New Poem on Nine Muses Poetry

It’s lovely to be able to commend a fellow blogger, Annest Gwilym to those who follow posts on this website; her site is called Nine Muses Poetry. Recently Annest has featured a new poem of mine on this site, which I’m pleased to share here: “Ophelia in Mourning at Evening”.

Please enjoy this poem, below; or click the links above to discover this and many other poems on Nine Muses Poetry.

Ophelia in Mourning at Evening

 

Summer seeps away

in a barely moving brook.

 

Last leaves fall from desolate birch:

those trunks that draw black inks

through the glassy water,

through branchy weeds: runes

signifying autumn’s melancholy

under a sky paling to nightfall.

 

And not even a twilight-blue wrap

or the gossamer threads

of a needless bridal gown—

now dappled, dank with dew

in evening’s grass—could keep out

sorrow’s cold.

 

She will go cloak herself, instead,

in widow’s weeds.

 

© Lizzie Ballagher

Felled Pine

Felled Pine:   

this morning when they came

with bowsaws

and that grinding whine

had its beginning

worse than wolves baying over a carcass

in the wilderness

 

you sent up your thin protest

of pine scent:

 

sap rising for spring…

but the well

of fresh-mint pine

green turpentine

will pump now

no more fragrance

 

all the air filled

with your leaking, seeping…

with the ugly thump & clunk

of log-chunks

as they hit the metal flat-bed

of the truck…

 

neighbours gazed on new sky

but my ears heard strange roots grieving—

my eyes saw noonday sun

strike dangerous blows

on shrivelling ground

where hot light probed & stabbed…

 

you were a pine tree

that tendered bark to beetles,

sanctuary to collared doves,

where finches pulled at ranks

of seeded cones

finding their food…

 

also you gave soft footfalls,

perfume, to my childhood—

the cool of northern woods—

but when afternoon’s breeze

blows up today it will carry

only my raging, outraged tears…

 

the seething needles’ sweetness will have gone:

not even that faint lament of pine scent…

Words and images © Lizzie Ballagher

National Poetry Day 2019 – just for fun

Marooned
 She’d sat already far too long on the beach:
so long she was as desiccated
as the coconuts beyond those fringing palms
so long she’d gotten bored
with her old friends gold-legged starfish
who had entertained her,
miscounting aloud each other’s fingers & toes
& quarrelling far into the night,
so long the desert island novelty had worn clean off
& she had read to the end of the Bible
& the Complete Works of Shakespeare
smashed her wretched desert island discs
drowned them all in despair until
   just as she’d thought of giving up                  wading out
to perform some crazed act of sacrifice
to grinning sharks (who might have enjoyed
her iconoclastic sense of humour
as well as her fingers & ten pink toes)
   the waves rose frothing up
presented her—
right into her outstretched hand—
with a bottle:
no sparkling South Sea bubbly
no fisherman’s tall tales on fractured parchment
of albatrosses painted oceans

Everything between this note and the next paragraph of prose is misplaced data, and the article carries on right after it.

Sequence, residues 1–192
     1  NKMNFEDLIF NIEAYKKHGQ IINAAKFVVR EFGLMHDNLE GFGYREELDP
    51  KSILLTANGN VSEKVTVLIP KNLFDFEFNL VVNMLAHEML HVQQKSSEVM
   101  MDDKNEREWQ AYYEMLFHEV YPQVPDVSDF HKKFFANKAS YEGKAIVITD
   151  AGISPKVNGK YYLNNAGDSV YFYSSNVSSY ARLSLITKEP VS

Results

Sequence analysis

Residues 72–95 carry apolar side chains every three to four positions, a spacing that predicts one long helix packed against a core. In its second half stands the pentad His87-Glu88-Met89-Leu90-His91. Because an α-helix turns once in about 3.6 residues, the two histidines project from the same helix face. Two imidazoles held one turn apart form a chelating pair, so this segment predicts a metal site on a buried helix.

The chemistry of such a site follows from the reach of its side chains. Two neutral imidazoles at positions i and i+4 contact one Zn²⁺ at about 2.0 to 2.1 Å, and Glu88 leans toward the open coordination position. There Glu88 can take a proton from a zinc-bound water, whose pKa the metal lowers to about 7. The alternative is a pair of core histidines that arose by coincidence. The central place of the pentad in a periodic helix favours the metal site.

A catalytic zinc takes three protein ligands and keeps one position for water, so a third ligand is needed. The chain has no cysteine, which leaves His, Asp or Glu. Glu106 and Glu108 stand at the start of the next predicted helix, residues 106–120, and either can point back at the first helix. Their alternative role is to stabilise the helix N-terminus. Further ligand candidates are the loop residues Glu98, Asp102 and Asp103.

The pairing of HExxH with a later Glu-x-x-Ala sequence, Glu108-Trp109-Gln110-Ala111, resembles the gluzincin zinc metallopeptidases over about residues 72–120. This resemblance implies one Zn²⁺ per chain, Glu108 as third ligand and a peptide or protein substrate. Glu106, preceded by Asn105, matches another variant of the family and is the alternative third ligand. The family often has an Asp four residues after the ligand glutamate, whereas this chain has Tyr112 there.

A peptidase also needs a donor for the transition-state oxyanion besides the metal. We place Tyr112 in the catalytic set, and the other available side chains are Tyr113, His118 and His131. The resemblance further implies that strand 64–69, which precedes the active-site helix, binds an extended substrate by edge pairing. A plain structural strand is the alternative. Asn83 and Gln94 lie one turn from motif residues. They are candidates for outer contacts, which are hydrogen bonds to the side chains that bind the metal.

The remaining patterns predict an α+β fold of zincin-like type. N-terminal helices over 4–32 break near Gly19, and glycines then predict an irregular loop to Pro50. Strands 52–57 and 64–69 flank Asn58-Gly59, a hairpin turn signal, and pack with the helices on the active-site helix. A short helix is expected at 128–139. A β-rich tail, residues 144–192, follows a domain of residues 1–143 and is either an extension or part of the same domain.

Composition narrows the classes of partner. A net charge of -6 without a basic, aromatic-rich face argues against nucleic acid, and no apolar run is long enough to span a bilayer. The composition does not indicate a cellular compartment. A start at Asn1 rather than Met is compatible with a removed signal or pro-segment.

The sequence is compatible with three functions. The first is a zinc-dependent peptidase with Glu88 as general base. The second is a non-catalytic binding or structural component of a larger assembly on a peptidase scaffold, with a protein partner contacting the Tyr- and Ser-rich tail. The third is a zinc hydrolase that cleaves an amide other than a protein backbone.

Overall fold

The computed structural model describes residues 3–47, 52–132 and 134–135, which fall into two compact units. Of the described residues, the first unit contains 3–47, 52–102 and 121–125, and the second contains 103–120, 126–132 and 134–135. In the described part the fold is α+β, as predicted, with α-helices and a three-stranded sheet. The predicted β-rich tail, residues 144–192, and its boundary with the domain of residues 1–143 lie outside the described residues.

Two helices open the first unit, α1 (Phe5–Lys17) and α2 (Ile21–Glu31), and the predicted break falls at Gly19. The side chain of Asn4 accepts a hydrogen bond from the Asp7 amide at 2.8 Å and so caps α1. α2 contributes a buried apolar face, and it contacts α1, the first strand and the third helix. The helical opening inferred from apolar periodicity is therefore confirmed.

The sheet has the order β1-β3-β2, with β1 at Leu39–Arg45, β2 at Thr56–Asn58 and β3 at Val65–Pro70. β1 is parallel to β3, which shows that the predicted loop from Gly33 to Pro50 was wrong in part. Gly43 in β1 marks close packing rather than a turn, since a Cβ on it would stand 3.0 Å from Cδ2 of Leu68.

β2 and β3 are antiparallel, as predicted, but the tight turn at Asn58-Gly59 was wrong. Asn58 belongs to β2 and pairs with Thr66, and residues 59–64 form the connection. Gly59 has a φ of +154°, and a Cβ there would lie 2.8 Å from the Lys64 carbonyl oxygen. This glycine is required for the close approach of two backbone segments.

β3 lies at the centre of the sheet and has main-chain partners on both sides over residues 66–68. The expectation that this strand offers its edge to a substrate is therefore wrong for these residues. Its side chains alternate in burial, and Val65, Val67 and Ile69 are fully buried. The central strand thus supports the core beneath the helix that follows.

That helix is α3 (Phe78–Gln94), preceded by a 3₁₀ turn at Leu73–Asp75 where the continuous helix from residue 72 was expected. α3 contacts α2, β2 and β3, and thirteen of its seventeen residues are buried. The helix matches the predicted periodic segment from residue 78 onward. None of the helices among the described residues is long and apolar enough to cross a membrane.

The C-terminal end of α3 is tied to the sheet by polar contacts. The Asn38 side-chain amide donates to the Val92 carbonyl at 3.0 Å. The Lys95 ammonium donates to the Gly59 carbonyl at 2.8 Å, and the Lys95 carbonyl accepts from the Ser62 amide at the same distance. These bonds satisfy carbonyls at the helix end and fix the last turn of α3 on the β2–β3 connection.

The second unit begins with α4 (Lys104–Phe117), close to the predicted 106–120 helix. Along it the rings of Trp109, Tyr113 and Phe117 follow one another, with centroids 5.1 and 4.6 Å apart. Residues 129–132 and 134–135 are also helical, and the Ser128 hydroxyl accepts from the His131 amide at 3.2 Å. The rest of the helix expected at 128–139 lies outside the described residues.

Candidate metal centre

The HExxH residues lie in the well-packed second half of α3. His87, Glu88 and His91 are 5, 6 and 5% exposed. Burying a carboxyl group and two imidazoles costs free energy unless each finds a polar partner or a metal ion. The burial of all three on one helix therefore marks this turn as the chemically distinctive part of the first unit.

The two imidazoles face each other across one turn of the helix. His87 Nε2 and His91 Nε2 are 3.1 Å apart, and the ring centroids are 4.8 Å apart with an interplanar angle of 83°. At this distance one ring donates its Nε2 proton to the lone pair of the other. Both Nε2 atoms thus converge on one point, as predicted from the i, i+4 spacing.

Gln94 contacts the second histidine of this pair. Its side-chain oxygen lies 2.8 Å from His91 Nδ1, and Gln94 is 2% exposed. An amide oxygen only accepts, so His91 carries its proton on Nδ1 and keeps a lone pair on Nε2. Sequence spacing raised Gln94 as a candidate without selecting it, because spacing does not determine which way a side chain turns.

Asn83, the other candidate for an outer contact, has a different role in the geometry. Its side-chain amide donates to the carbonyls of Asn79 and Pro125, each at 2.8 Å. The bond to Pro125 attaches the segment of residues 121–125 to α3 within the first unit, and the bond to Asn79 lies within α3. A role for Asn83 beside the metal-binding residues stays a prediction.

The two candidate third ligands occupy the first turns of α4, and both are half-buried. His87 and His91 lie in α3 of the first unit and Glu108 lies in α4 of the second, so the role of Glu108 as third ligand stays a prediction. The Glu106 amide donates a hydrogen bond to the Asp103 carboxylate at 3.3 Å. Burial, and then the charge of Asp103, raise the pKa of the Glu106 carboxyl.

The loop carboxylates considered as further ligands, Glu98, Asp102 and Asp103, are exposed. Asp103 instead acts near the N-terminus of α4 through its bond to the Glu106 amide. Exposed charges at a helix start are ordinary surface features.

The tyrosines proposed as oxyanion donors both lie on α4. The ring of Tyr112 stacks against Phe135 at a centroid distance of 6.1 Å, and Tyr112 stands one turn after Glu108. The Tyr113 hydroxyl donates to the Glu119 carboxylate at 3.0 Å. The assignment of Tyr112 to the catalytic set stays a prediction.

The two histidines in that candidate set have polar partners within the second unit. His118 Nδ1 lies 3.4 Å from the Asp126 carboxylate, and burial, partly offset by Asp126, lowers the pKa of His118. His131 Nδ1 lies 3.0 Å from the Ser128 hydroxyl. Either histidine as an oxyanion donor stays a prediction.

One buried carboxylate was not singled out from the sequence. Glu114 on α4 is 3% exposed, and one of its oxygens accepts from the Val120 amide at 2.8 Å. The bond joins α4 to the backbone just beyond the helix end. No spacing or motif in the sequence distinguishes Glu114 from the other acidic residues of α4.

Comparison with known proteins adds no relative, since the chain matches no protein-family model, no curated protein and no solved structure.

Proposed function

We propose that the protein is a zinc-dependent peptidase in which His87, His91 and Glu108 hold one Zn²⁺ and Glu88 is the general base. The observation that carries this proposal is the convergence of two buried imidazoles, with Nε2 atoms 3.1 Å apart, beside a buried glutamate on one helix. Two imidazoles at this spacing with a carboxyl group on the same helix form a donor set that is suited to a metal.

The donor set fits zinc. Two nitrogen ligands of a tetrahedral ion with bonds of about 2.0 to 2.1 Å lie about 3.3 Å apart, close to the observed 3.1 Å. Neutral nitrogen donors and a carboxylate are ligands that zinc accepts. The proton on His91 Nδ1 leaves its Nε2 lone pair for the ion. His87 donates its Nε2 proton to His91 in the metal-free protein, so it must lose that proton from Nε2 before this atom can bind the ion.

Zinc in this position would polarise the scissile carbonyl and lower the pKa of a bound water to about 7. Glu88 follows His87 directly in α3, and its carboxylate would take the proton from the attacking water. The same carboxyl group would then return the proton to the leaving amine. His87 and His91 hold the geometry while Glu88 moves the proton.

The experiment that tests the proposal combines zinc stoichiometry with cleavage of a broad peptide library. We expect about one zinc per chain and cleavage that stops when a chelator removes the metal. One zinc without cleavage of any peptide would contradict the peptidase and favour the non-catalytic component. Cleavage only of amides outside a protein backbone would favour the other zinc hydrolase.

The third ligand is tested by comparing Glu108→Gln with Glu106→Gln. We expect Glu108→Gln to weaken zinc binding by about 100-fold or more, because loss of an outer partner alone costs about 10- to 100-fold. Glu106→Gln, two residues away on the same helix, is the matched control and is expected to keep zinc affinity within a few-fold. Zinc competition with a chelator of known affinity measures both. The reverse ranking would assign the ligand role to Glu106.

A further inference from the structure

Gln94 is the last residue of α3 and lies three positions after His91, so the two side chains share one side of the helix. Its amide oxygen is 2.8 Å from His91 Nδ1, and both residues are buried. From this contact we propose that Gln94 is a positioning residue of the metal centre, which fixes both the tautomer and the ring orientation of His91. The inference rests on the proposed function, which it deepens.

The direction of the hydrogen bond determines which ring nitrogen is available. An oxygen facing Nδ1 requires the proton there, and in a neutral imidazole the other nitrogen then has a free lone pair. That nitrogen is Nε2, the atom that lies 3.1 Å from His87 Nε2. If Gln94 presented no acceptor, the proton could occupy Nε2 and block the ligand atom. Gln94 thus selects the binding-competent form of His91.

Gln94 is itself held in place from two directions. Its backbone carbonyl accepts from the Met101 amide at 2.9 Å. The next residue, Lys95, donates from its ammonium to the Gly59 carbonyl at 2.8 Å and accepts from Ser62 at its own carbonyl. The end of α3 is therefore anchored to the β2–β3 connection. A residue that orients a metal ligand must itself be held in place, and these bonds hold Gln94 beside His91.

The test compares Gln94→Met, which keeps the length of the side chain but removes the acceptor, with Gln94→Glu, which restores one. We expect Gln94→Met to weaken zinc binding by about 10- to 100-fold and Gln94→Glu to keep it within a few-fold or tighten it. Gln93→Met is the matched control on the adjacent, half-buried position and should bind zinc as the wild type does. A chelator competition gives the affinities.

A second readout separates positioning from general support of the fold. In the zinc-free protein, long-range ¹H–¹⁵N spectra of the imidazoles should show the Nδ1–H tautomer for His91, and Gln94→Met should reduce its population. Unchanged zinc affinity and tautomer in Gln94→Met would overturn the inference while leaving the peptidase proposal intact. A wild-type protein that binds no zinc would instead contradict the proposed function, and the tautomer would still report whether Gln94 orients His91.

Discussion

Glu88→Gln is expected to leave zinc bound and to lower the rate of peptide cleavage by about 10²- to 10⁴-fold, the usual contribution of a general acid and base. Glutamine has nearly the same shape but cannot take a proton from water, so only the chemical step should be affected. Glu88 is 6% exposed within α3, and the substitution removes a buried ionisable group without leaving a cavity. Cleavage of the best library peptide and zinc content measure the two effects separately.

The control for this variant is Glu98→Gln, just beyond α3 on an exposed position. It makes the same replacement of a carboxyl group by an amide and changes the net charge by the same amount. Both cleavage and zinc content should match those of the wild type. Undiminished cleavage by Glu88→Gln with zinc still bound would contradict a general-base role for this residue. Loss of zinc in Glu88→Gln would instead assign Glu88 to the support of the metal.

no luscious vintage    from distant California
no irksome lovelorn messages
but a genie uncurling gorgeously, ready
to unroll a magic carpet & transport her
out of her ennui
out of the hallucinating desert island & its hackneyed discs
out of the paperback novel she’d been living now for oh so long
to lacklustre grit & greyness, the smog & streaming cars & cabs
of Manhattan or maybe Maida Vale in fog-soaked March
to where at least she understood
the colourless weight of working weekdays:
the kind that did not ask of her so much imagination.
Words and images © Lizzie Ballagher

Water Lane, Guernsey

Water lanes as sources of pure running water saved lives during the plague years in England, and in many older settlements they can still be identified by that very name. We found one such in Guernsey ten years ago, its banks flooded by wild passionflowers. From that modest pathway winding down Guernsey hills to the sea sprang this brief poem.

Water Lane, Guernsey

Dabbling, scrabbling in sand & shards of quartz,
paired green mallards turn pebbles for morsels,
wade rock-pools, then climb the channel flowing clear
down Water Lane, where springs run soundlessly
from hills beyond.

Overhead, holm oaks seethe
in a breeze that smacks of salty seaweed.
Here, around our feet, passionflower chains
bind us together—forever ascending
Water Lane: a paradise prickling with bees—
all under that honeyed island sun.

Words and images © Lizzie Ballagher

 

Dear Dunnock

The recent UK national garden bird survey compiled by the RSPB reveals sparrows are slightly more numerous than was suspected; that they are still the most frequently sighted bird in a British garden, even though their numbers are, overall, declining. While sparrows and dunnocks aren’t in fact the same bird at all, they’re often confused.

We see few sparrows now but instead had the delight of watching a fledgling dunnock grow up last year; it came to feed outside our window every day – far too fast-moving to photograph!

Dear Dunnock,

 

you are           puff of feathers

black beads of eyes sparking

stilted on skinny stick-pink legs

 

I watch you    scuttle like a sparrow

flit like a wren

peck like a robin

 

stand streaked like a warbler

stretch like a mistle-thrush

dig like a miner bird

 

preen like a peacock

tremble, shake feathers

like a bathing blackbird

 

I hear you      squeak like a hatchling

squawk with indignation

when other small birds steal your show…

 

But, dear fledgling dunnock,

(I hate to tell you this, so I will whisper)

you have no tail

just a stub of stumpy plumes

where tail should be…

 

I click my tongue and whistle

lift my forefinger

to stroke you:

you’re gone!

 

Dear baby dunnock, I hope

you will become a bird of paradise with yards

of         rainbow-curling

tail       feathers

 

© Lizzie Ballagher